Natural gas for tomorrow's fleets; Colleges and universities moving to CHP; Power and steam and frozen foods

Annual Salary Survey

Before the calendar turned, 2016 already had the makings of a pivotal year for manufacturing, and for the world.

There were the big events for the year, including the United States as Partner Country at Hannover Messe in April and the 2016 International Manufacturing Technology Show in Chicago in September. There's also the matter of the U.S. presidential elections in November, which promise to shape policy in manufacturing for years to come.

But the year started with global economic turmoil, as a slowdown in Chinese manufacturing triggered a worldwide stock hiccup that sent values plummeting. The continued plunge in world oil prices has resulted in a slowdown in exploration and, by extension, the manufacture of exploration equipment.

Read more: 2015 Salary Survey

Maintenance and reliability tips and best practices from the maintenance and reliability coaches at Allied Reliability Group.
The One Voice for Manufacturing blog reports on federal public policy issues impacting the manufacturing sector. One Voice is a joint effort by the National Tooling and Machining...
The Society for Maintenance and Reliability Professionals an organization devoted...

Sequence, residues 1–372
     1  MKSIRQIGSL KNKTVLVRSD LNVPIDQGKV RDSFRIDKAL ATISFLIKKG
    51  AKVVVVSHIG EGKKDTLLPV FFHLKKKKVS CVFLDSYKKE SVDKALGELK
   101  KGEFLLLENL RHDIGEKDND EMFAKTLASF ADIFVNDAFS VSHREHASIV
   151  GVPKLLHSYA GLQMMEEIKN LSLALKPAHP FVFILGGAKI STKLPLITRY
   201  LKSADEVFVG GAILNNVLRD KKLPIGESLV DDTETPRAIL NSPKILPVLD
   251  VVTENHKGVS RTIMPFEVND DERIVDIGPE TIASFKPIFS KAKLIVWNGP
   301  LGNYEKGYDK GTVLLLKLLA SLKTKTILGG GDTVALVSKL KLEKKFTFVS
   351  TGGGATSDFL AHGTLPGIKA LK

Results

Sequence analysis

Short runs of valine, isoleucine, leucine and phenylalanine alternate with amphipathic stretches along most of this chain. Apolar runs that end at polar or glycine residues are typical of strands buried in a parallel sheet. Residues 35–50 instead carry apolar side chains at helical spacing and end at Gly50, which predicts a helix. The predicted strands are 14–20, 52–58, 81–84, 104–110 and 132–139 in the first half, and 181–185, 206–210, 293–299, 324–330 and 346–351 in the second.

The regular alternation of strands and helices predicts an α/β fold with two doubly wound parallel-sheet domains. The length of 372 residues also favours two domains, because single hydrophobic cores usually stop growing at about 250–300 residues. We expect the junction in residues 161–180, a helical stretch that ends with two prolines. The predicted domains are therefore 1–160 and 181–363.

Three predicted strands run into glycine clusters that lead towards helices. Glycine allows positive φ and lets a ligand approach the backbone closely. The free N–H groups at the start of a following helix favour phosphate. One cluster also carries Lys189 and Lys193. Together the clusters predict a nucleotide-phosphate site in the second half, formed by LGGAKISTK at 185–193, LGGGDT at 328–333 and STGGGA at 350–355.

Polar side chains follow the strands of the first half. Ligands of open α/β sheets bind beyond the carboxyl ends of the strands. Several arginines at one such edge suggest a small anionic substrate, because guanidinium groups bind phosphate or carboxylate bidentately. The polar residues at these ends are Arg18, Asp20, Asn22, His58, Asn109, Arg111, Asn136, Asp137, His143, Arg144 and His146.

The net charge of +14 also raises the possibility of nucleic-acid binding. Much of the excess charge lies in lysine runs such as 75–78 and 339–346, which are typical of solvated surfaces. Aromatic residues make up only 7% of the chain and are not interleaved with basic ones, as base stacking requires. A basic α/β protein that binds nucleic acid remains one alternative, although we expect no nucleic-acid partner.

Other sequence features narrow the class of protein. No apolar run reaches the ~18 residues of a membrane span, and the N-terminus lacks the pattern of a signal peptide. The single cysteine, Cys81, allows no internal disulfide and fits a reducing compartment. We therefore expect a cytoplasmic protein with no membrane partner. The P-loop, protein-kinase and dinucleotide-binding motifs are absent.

Join this ongoing discussion of machine guarding topics, including solutions assessments, regulatory compliance, gap analysis...
IMS Research, recently acquired by IHS Inc., is a leading independent supplier of market research and consultancy to the global electronics industry.
Maintenance is not optional in manufacturing. It’s a profit center, driving productivity and uptime while reducing overall repair costs.
The Lachance on CMMS blog is about current maintenance topics. Blogger Paul Lachance is president and chief technology officer for Smartware Group.
This digital report will explore several aspects of how IIoT will transform manufacturing in the coming years.
Motion control advances and solutions can help with machine control, automated control on assembly lines, integration of robotics and automation, and machine safety.
Compressed air plays a vital role in most manufacturing plants, and availability of compressed air is crucial to a wide variety of operations.
Maintenance Manager; California Oils Corp.
Associate, Electrical Engineering; Wood Harbinger
Control Systems Engineer; Robert Bosch Corp.
click me